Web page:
C-stores have a huge opportunity to delve into the wine category, which continues to grow in popularity.
By Erin Rigik, Associate Editor.
Year after year, the wine category continues to show strong growth as a result of innovative new products, premium price segments and flavor innovation. These new flavor trends and surging interest are positioning wine as a prime opportunity for c-stores.
The U.S. is No. 1 in global wine consumption and wine is No. 7 among top grocery categories, according to E. & J. Gallo Winery. Traditionally a more formal occasion beverage, wine has become a much more casual, everyday drink customers enjoy over their evening meal or simply relaxing while watching TV. Despite this growing demand, the c-store channel has yet to capture its fair share of the $16 billion wine industry.
Boomers have long been major wine category consumers with evolving tastes, but Millennials are now embracing wine as well and are helping fuel the category’s growth. “The Millennial generation offers the wine industry the kind of growth potential not seen in 30 years,” according to E. &J. Gallo Winery.
Millennials are increasingly drawn to different taste profiles than their parents, and are more apt to purchase trendy Moscatos, Malbecs and red or white blends, which are seeing double digit growth. Wine makers are quick to appease the growing demand. Barefoot recently debuted its Refresh line, featuring flavors such as Crisp White (a Chenin Blanc and Riesling blend), Sweet White (a Pinot Grigio and Moscato blend), Summer Red (a Pinot Noir Rosé and Moscato blend) and Perfectly Pink (a Grenache and Moscato blend).
Smaller single serve (187ml) wine bottles are also taking off, allowing consumers to sample new wines.
A Destination For Wine
Believe it or not, wine customers are already in your stores, they just might not be purchasing wine from you—yet.
Roughly 40% of c-store customers are currently wine or beer drinkers but c-stores have only a 4% buyer conversion rate on wine (verses a 23% conversion on beer), according to E. &J. Gallo Winery. One of the big reasons is awareness. “It doesn’t matter how big your selection is—if your customers don’t realize you sell wine, it’s not going to grow your sales. Once customers know wine is in the store and the selection is priced right, you have a better chance of convincing that customer to make your store a destination for wine purchases,” noted George Ubing, national director-convenience channel for E. &J. Gallo Winery.
With c-stores already a go-to location for beer, wine is a natural next step as 46% of first time wine buyers previously purchased beer.
What’s more, wine shoppers spend an average of four times as much time in the store compared to other key category shoppers.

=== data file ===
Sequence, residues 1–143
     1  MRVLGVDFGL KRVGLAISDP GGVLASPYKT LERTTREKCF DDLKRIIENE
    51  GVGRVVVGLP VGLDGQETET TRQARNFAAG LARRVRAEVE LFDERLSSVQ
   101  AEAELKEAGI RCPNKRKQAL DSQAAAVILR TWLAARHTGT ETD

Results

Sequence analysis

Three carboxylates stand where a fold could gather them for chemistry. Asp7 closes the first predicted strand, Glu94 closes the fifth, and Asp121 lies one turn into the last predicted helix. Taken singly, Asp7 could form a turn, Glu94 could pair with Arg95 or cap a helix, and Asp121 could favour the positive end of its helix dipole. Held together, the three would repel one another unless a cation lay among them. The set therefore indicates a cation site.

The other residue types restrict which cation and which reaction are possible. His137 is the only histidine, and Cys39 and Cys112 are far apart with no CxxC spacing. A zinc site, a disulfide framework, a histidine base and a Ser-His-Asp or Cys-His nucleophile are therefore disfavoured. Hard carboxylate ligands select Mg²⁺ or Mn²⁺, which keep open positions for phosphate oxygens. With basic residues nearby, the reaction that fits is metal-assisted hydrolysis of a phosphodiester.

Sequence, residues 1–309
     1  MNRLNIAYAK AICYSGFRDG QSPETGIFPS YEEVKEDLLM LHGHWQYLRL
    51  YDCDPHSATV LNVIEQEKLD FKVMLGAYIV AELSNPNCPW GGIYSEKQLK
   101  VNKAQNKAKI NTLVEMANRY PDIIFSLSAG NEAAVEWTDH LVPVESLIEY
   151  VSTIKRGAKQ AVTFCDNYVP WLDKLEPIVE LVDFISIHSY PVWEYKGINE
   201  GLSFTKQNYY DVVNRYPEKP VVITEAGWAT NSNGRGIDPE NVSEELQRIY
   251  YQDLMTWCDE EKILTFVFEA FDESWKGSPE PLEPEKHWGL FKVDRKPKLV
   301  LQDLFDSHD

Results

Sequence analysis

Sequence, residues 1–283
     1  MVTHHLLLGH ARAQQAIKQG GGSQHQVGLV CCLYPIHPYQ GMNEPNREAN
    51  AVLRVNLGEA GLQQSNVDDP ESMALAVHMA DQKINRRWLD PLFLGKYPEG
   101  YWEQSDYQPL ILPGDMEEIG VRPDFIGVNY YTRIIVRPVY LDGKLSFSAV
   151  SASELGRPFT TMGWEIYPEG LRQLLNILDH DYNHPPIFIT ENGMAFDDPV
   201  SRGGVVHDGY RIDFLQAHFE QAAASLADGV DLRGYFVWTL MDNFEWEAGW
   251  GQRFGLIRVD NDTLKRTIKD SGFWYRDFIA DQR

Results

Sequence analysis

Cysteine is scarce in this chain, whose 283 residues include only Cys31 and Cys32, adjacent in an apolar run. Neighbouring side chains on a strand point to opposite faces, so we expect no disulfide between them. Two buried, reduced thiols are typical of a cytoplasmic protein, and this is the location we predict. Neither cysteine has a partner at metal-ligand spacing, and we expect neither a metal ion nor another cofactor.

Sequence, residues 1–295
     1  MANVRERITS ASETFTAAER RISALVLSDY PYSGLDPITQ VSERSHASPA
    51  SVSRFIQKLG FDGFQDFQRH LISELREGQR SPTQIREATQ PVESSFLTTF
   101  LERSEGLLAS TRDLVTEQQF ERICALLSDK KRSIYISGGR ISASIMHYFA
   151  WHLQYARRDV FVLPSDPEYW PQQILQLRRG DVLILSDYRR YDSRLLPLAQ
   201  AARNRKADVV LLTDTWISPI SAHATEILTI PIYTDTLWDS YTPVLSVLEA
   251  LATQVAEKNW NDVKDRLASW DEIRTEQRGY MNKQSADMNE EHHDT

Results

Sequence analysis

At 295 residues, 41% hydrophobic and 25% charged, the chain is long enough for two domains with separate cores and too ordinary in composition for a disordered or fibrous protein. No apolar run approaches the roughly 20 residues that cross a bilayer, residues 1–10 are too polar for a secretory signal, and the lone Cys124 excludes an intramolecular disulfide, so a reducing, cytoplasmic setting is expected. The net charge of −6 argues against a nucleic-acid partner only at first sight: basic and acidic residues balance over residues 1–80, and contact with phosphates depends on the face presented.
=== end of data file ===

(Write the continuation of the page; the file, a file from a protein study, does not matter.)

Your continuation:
Luckily, even with limited space, retailers can be successful with a small wine selection by capitalizing on flavorization and the shopper occasions that inspire people to buy wine.
“You want to keep your traditional varieties—the Cabernets, Merlots and Chardonnays—but you also want to keep your segment current and interesting,” by offering hot new types like Moscatos and red blends, noted Ubing. Millennials, especially, are looking to experience new wine varieties. New items accounted for 69% of wine dollar growth in 2012.
Price also matters. When customers search for wine, they’re shopping for occasions. A $5 wine may be perfect for a couple planning a night in by themselves, but if they’re having friends over they might need a $10 premium offering, or if they’re heading to a dinner party they might want a $15 super premium. C-stores can maximize sales by offering a $5, $10 and $15 offering in key varietal types of red and white wines. This “good, better, best” pricing model can help drive customers to the “better” or medium-priced option in the middle. When pricing wines, remember many wine buyers are brand conscious and 90% of wine buyers across all outlets said they had previously purchased that brand of wine before. That also means customers today know the prices of the brands they buy, and may not return if they can get their favorite brand at the right price nearby.
To further drive sales, retailers can consider offering market prices for top items. In this channel, the Top 10 brands on an average are 27% more expensive than the rest of the market, according to E. &J. Gallo Winery. When you offer good value and convenience, customers are likely to help your marketing efforts with word-of-mouth endorsements to friends that c-stores are a top destination for wine.